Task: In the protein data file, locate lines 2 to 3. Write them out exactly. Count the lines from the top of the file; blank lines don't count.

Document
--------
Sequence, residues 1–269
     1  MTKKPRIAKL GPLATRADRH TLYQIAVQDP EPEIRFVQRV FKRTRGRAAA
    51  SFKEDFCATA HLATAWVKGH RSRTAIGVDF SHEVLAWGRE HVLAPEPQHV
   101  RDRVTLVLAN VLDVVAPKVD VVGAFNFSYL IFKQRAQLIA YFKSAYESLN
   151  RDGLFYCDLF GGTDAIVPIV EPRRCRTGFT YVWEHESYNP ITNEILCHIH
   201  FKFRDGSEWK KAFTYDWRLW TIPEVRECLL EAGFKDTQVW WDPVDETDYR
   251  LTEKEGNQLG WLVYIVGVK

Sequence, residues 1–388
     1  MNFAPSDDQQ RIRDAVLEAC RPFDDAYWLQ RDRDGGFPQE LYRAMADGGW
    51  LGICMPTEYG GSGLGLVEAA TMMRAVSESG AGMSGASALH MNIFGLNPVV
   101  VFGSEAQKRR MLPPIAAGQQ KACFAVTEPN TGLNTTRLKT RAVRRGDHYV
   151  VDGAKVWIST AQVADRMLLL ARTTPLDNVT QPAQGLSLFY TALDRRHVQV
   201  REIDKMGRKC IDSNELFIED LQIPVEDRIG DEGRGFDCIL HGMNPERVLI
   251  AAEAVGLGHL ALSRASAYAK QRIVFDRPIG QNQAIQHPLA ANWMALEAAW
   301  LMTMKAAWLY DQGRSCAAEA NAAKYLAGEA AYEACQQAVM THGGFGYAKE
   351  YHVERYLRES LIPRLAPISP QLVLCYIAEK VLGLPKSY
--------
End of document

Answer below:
     1  MTKKPRIAKL GPLATRADRH TLYQIAVQDP EPEIRFVQRV FKRTRGRAAA
    51  SFKEDFCATA HLATAWVKGH RSRTAIGVDF SHEVLAWGRE HVLAPEPQHV